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Farm animal rescue a specialized skill


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More than 10 people attending a training session put on by the Durham Animal Response Team learned life-saving techniques to assist horses in perilous situations at the equine rescue training held at Rivendell Farm May 4.

Firefighters, animal control officers, and horse owners attended the six hour event which featured interactions with live horses as well as a demonstration of rescue techniques on a simulated plastic and metal horse named “Lucky.”

Attendees learned how to fasten a Large Animal Lift, a device with a metal spreader bar and many numbered straps, some of which cross over each other to allow an large animal to be safely lifted by a tractor or backhoe.

“Have a firm and long lead in case he thrashes,” warned Roger Lauze, adding tension and life to the plastic form of the 600 pound false horse.

Lauze, the equine rescue and training coordinator for the Massachusetts Society for Prevention of Animal Cruelty, instructed the session.

Lauze frequently warned that the animals being assisted by the large animal lift are not unconscious but may be sedated, and continually warned rescuers to show caution and avoid being kicked by the false horse so that the rescuers would learn not only how to fasten the straps, but also how to safely approach an actual injured animal.

“We want everybody to learn that safety comes first, so you can take care of yourself, your team, and the animal,” said Sue White, DART response team leader.

The day began with acquainting newcomers, with little to no experience with horses, with placing a halter on a live horse, walking the animal out of its stall, and guiding the horse out of the barn to safety.

Afterwards, members split into two groups to rescue Lucky from a barn and a trailer.

The session finished off with learning how to move Lucky using the Large Animal Lift.

“Everyone gets a chance to perform different rescue scenarios with a fake horse so they don’t have to deal with a real horse body and real horse movements,” said Lauze. “This gives everyone a chance to see how the equipment works, become more efficient using it, and become faster.”

“They don’t become faster by being fast, they become faster by being more efficient,” Lauze said.

According to Lauze, the majority of rural community rescues involve horses, but the techniques can be applied to other animals.

“These farm animals are big, powerful animals, so personal safety is stressed during these courses. When people learn how to deal with these types of animals, they’re not being put in a position of danger when they’re called into these rescues,” Lauze said.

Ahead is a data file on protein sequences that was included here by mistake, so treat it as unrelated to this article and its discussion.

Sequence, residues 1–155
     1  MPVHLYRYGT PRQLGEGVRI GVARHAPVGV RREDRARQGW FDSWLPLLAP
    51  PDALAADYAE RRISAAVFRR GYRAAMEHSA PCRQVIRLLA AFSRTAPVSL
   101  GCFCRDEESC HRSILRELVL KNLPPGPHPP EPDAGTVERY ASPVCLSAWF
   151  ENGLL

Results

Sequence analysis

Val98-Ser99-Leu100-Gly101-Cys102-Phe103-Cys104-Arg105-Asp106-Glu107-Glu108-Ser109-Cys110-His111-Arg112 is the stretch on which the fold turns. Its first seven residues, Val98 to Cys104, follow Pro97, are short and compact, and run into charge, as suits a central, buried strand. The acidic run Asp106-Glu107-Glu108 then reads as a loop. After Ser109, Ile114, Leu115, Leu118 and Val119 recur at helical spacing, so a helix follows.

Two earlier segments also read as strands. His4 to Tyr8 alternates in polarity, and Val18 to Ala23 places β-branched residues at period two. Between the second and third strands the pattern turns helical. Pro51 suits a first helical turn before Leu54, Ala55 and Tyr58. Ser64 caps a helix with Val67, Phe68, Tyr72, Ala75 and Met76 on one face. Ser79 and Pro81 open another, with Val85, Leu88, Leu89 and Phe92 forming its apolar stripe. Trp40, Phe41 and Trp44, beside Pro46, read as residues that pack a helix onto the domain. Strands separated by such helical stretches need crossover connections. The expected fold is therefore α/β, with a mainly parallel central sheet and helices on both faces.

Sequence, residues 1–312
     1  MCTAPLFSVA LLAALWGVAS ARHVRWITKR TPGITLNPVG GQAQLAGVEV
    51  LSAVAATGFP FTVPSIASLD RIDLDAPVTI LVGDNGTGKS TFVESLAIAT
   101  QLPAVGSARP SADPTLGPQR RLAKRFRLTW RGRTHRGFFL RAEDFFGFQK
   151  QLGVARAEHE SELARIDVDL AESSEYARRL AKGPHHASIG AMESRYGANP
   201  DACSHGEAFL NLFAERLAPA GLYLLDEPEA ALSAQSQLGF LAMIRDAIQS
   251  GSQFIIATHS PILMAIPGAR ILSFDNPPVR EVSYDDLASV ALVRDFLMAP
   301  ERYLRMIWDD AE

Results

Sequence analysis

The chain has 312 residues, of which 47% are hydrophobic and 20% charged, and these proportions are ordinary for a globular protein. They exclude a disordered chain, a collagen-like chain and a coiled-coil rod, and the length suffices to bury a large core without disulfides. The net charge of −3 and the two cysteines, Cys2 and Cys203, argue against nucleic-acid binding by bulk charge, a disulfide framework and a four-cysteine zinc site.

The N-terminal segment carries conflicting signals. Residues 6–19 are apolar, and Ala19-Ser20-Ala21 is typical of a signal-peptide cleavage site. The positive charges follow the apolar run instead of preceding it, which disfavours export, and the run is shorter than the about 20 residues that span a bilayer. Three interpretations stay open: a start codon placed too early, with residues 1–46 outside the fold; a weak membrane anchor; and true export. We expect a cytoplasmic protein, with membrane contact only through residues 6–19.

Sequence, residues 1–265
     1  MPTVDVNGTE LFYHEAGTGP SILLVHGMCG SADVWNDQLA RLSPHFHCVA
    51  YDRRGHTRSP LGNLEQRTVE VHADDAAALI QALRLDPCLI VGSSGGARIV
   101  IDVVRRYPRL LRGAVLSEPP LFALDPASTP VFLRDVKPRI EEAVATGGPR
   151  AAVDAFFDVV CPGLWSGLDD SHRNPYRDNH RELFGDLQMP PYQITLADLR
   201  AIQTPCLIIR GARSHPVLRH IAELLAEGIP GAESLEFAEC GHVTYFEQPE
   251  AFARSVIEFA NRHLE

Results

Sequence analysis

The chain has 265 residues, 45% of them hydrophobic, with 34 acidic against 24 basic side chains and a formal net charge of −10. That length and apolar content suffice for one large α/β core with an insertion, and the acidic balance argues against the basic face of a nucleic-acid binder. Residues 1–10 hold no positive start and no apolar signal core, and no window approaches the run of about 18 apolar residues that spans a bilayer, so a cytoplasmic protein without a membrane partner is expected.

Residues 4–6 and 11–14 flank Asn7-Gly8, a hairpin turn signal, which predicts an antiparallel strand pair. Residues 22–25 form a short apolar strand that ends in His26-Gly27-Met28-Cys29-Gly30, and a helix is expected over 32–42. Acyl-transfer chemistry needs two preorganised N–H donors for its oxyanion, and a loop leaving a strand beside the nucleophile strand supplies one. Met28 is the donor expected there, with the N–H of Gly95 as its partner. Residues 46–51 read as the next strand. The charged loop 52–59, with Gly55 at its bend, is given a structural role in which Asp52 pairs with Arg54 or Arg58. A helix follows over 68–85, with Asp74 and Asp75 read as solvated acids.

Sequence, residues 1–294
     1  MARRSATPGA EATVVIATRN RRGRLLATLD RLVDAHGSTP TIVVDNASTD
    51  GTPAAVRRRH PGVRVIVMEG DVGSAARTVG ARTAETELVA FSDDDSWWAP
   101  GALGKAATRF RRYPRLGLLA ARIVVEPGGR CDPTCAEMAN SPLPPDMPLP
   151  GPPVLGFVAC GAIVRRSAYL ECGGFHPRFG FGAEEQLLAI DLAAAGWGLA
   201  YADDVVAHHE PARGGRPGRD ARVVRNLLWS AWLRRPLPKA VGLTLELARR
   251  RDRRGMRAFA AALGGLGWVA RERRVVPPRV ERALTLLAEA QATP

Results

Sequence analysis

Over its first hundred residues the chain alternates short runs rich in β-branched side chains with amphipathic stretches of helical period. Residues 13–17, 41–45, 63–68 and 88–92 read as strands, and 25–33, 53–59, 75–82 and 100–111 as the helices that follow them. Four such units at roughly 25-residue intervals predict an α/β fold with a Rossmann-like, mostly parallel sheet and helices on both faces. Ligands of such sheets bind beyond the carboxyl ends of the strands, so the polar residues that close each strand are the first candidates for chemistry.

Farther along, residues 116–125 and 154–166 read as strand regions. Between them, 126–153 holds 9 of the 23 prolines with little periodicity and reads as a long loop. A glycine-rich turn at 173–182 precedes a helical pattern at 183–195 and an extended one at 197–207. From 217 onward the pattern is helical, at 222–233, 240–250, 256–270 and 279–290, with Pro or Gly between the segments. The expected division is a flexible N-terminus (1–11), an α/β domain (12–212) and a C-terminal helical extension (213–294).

The rescue training was “very interesting,” according to David Chowaniec, Middlefield’s animal control officer, who came to the session for professional development. Chowaniec said DART would be the first group he would call when dealing with an emergency situation involving a large animal.

DART is a volunteer-based organization founded in 2006, comprised of teachers, veterinarians, and horse instructors from Durham and nearby towns. DART assists first response teams and fire departments during any animal-related emergency.

“There’s a strong emotional connection between animals and their owners, especially with horses,” said Chowaniec, who also is a firefighter with the Middlefield Volunteer Fire Company.

“Firemen are usually the first ones called to deal with burning barns and houses, so learning how to properly rescue animals is very important,” he said.

“Rescuing animals can be tricky because for them it’s fight or flight, whereas humans are more docile,” Chowaniec said. “Personal safety comes first, but we’re still trying to protect life.”

White said the goal of these events is for each person to leave with practical experience with animal rescue.

Pat Bandzes, who has horses on her farm, said she came to the event to be prepared in case an emergency arose at her farm.

“This is a great training for anyone who keeps horses.” Bandzes said. DART team leader White said the training event has been a great success since it began last year.

“We invite barn and stable owners as well as firefighters and responders to these kind of events because we want them to learn ways they can prevent disasters and how to respond to tragedies,” White said. “If each person comes away with learning something new, that’s all we can hope for.”

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